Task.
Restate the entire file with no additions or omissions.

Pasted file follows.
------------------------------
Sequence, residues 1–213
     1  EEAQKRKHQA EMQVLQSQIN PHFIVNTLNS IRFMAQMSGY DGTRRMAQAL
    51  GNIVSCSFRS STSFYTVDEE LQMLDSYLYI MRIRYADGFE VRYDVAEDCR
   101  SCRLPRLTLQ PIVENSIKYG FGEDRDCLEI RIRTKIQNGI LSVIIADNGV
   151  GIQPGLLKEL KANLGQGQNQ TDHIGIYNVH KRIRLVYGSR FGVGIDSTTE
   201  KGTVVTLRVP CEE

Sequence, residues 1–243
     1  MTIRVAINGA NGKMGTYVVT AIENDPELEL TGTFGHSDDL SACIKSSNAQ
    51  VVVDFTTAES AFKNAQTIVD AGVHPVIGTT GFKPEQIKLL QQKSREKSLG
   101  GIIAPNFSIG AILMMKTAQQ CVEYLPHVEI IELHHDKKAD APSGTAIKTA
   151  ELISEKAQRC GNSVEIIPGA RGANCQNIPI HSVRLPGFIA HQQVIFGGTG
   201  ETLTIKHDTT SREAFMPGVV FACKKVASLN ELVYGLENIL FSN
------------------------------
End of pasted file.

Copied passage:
Sequence, residues 1–213
     1  EEAQKRKHQA EMQVLQSQIN PHFIVNTLNS IRFMAQMSGY DGTRRMAQAL
    51  GNIVSCSFRS STSFYTVDEE LQMLDSYLYI MRIRYADGFE VRYDVAEDCR
   101  SCRLPRLTLQ PIVENSIKYG FGEDRDCLEI RIRTKIQNGI LSVIIADNGV
   151  GIQPGLLKEL KANLGQGQNQ TDHIGIYNVH KRIRLVYGSR FGVGIDSTTE
   201  KGTVVTLRVP CEE

Sequence, residues 1–243
     1  MTIRVAINGA NGKMGTYVVT AIENDPELEL TGTFGHSDDL SACIKSSNAQ
    51  VVVDFTTAES AFKNAQTIVD AGVHPVIGTT GFKPEQIKLL QQKSREKSLG
   101  GIIAPNFSIG AILMMKTAQQ CVEYLPHVEI IELHHDKKAD APSGTAIKTA
   151  ELISEKAQRC GNSVEIIPGA RGANCQNIPI HSVRLPGFIA HQQVIFGGTG
   201  ETLTIKHDTT SREAFMPGVV FACKKVASLN ELVYGLENIL FSN